Thursday, May 4, 2017

Thursday, May 4, 2017, Loren Muse Smith and Tracy Gray

8:23 (FWOE)

Always expect the funny twist on a Thursday, right? When I could think of nothing to fit into 21A: "Miss Manners," for one, I knew something was up.

In fact, I got the revealer very quickly. It helped to know VAN Cliburn, the first American pianist to win the prestigious Tchaikovsky competition in Russia in 1958, at the height of the Cold War. That led to NARY and ABLE, at which point I put BLizzard in at 44A: Winter driving hazard ... or a literal hint to four squares in this puzzle (BLACKICE). Well, I figured that out, and off we went.

Despite my recognition that something was up, I didn't actually look back at the NW corner. The first rebus square I found was at 66A: 11/11 (ARMIST[ICE]DAY). It's not actually a requirement nowadays that any standalone section of white squares be clued separately. We've seen a number of puzzles where the second portion of an answer is clued by "-". In this case, however, it's fun that each answer following one of the rebus black squares is clued independently.

The other three black squares are symmetrically placed. ADV[ICE]COLUMN and POL[ICE]VAN are well done. I also liked SERV[ICE]DOG and NOD[ICE]. The last set is a little more problematic, if we're being nitpicky (and really, what else is the point of these reviews, I ask you?). I don't really like [ICE]AGE, because the rebus square is not encompassed in a larger word and simply reiterates the meaning of the revealer. Second, 64D: Time's partner, informally (TEMP) is a big huh? for me. Is "time and temperature" a widely used phrase? I thought of "time will tell", "time and date", and "time and space" first. Certainly nobody would ever say "time and temp", right?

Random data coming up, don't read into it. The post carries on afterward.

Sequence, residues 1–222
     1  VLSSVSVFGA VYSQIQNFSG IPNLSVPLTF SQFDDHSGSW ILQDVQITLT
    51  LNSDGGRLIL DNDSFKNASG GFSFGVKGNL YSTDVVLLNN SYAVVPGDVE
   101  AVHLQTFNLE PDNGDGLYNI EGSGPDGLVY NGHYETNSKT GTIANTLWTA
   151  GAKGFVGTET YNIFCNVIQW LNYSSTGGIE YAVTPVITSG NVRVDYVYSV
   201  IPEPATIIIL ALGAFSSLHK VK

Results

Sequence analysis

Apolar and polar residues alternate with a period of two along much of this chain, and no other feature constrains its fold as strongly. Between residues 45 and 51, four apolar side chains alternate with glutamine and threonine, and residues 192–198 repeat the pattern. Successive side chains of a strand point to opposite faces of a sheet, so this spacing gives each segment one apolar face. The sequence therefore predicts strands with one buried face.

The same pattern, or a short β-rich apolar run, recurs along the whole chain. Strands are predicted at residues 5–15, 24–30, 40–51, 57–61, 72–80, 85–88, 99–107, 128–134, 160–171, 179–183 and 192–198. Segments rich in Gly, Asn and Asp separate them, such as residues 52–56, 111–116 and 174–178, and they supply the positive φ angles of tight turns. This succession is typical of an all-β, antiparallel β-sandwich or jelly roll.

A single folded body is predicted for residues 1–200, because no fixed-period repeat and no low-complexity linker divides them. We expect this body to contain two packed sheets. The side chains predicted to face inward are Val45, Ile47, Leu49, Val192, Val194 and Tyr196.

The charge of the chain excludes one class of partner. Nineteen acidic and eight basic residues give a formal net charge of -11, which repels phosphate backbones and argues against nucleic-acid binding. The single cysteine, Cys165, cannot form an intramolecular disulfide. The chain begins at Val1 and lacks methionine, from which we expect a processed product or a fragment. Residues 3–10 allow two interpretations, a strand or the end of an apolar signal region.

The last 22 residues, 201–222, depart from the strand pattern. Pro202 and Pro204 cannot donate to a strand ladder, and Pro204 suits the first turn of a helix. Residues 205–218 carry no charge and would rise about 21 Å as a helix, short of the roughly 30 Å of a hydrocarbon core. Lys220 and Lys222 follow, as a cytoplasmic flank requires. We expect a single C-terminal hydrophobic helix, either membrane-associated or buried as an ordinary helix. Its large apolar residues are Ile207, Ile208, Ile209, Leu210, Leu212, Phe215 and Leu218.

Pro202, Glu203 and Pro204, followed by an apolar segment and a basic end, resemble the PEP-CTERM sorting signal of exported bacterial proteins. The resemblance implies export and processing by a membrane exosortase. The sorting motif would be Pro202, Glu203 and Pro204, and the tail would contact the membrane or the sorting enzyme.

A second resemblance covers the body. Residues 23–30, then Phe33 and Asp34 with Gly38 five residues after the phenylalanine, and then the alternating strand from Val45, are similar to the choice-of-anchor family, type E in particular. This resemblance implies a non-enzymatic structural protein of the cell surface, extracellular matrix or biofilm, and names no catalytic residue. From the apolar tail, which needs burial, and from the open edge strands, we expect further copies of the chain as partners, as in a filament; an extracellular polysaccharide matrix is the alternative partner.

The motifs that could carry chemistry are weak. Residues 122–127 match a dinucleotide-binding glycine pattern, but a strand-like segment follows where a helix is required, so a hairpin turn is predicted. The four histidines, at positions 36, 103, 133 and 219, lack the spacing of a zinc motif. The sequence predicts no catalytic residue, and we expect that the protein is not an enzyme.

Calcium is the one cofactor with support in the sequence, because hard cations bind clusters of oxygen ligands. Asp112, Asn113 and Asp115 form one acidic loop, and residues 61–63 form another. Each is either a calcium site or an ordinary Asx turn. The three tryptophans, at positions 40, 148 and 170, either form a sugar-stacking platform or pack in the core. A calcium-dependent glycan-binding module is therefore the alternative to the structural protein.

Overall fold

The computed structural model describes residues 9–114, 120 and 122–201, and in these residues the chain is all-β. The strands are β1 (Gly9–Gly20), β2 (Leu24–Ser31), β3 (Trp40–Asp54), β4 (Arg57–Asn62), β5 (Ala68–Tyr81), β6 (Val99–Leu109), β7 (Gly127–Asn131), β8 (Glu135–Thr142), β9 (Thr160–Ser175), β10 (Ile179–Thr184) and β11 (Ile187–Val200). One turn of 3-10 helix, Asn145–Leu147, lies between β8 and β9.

In other news, I enjoyed many of the bonus answers here. LILABNER is nice to see in his complete name form. I also like CATARACT, MONGOOSE, and ODORLESS, which will always remind me of The Princess Bride ("What you do not smell is iocaine powder..."). YSHAPE is also great looking in the grid.

Not as big a fan of BARCARTS. I think we call them drink carts nowadays.

1A: Harsh cries (YAWPS) - A-. Walt Whitman. Nice. "I sound my barbaric yawp over the roofs of the world."
Fave: ENNIO (69A: Film composer Morricone). Amazing scores for The Mission and Cinema Paradiso, certain famous spaghetti westerns, along with scores of others (see what I did there?). Also, this answer enabled a foothold into the SW isolated corner.
Least fave: OSOLE (17A: "____ Mio"). This old chestnut partial.

My error was a typo. I put an M at the crossing of JOAN and NEGEV by accident.

- Colum


  1. 12:53
    Frannie and I were just saying that we liked how the second half of the rebus-containing answers had their own clues instead of those "-"s. That was a nice touch.

    I had a little trouble when I put "CAscades" in where CATARACT (waterfall) belonged. Funny that they both fit. And yes, I think "Cascades," plural, could work for the singular clue. Is that wrong?

    Last - I used to call "time & temp" on the phone when I was younger. There was a special number for it. It did not sound odd to me, though I see your point about it maybe not even existing anymore.

  2. 15:01
    I'm not familiar with CATARACT as a term for waterfall. And YAWPS was more of a C+ for me, just a bit of obscurity without the usual aha moment I prefer for my 1-across.

    I agree that it was fun overall, and the clueing of the rebus squares was nicely done.

  3. 17:52 (FWOE)
    Disappointingly at the YAWPS/YSHAPE, where I'd entered the down as vSHAPE and never looked back at the 1A clue, where I'd have immediately thought of the Whitman line quoted by Colum, especially after getting the crosses. I, for one, support the A-, but would probably have gone with a straight A. Although I enjoyed the puzzle, I didn't love that OREO, ALTOID and SNO-Caps were all so close to each other. I don't have much about which to be PEEVED or to MOAN over, though. ARARAT always reminds me of the "Hitchhiker" trilogy.